In July I delivered a webinar on risk-based internal auditing as part of the IIA’s series of free webinars supported by Oracle. This proved to be a popular topic, attracting a good turnout and plenty of questions from the audience. There were too many of these to cover individually during the live webcast, but many had common themes that were worth exploring further. In this, the first of three articles, I will offer additional insight into one of these themes.
Theme one: how do you see internal audit differentiating itself from the responsibilities of the risk management function? What do you consider the relationship to be between the internal audit section and a risk and assurance manager?
These questions, among others of a similar nature, appear to raise concerns that a risk-based approach to internal audit might lead to the overlapping of the roles of internal auditors with the responsibilities of risk management functions.
Although risk management functions are being established in many organisations, their nature varies enormously, as do the labels given to them. The precise nature of the relationship between internal audit and the risk management function, and the effect that this will have on the work to be done by internal audit, will therefore depend very much upon the precise remit of the risk management function and the way in which it operates.
For example, its role might focus on being a centre of excellence for risk management, embracing responsibility for the development of risk management procedures, the provision of training in risk management processes and the co-ordination of reporting on risks. Other risk management functions might have a much wider remit, including some responsibility for the completeness and accuracy of the information in the risk register and providing assurance on the management of key risks. Some of the activities performed when providing this assurance may overlap significantly with those performed by internal audit.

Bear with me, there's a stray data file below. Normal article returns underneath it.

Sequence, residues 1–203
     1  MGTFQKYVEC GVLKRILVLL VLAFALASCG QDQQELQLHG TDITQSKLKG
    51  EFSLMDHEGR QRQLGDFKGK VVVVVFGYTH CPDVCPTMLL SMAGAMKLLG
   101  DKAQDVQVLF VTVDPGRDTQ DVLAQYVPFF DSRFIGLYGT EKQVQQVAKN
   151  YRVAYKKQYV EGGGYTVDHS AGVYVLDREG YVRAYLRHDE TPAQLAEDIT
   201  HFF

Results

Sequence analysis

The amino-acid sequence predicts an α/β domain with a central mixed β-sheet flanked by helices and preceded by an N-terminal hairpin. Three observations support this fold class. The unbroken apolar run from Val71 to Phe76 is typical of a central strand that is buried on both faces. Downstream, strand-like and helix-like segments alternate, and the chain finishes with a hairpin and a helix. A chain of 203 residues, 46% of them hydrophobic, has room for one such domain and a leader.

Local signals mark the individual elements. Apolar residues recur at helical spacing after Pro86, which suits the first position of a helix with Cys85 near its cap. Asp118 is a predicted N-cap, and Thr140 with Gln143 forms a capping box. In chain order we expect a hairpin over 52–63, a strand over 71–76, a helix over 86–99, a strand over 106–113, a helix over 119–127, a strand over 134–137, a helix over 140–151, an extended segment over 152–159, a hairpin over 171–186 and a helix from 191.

These questions about the interplay of the different roles and the nature of the relationship between internal audit and risk functions must be answered within the context of the individual organisation.
I was asked recently for advice on this topic while providing some one-to-one coaching for a new head of internal audit (HIA). Having met the chief risk officer (CRO) during his first week in office, the new HIA was surprised to learn that there had been no relationship between the CRO and the previous HIA.
Clearly, there must be a relationship between the two functions. International Standard 2050 on Co-ordination springs to mind: “The chief audit executive should share information and co-ordinate activities with other internal and external providers of assurance and consulting services to ensure proper coverage and minimise duplication of efforts.”
Where a risk management function has been established, there is unlikely to be any other provider of assurance with whom the internal audit function has a more important relationship. As the potential for the roles of these two functions to overlap is huge, the potential value of effective co-ordination is also immense. Clarification of the different roles, followed by effective co-ordination of their activities, is therefore essential.
The situation is further complicated by the fact that many of the activities performed within the enterprise-wide risk management process will potentially duplicate activities that might traditionally be performed by internal audit.
A number of organisations have recognised the importance of clarifying the different roles that contribute to the provision of assurance over the management of risks. Many have documented the various responsibilities using what is sometimes called the “three lines of defence” model. Such models typically state the responsibilities of management / management control functions (as the first line of defence), risk management functions (second line) and internal audit (third line). These models depict the roles that are unique in each organisation and clearly provide a good starting point for defining the specific relationships required.
My next article, to be published in the week starting 17 September, will focus on some of the specific aspects of the different roles, which were the subject of questions raised by other members of the webinar audience.
Stephen Maycock is a trainer in internal audit and risk management. He delivers a number of the IIA training courses, particularly where these two related disciplines come together.
If you wish to explore these topics in more depth, the IIA offers a range of courses on risk-based internal auditing, the next of which will be held in October. There is a one-day course for internal audit practitioners and a more in-depth two-day course for internal audit managers. These events are also an opportunity to discuss approaches used by other organisations. In November there will also be new course providing comprehensive practical guidance on “Auditing the ERM framework”.
Click bit.ly/Nk9ySm for more information on these and other IIA courses.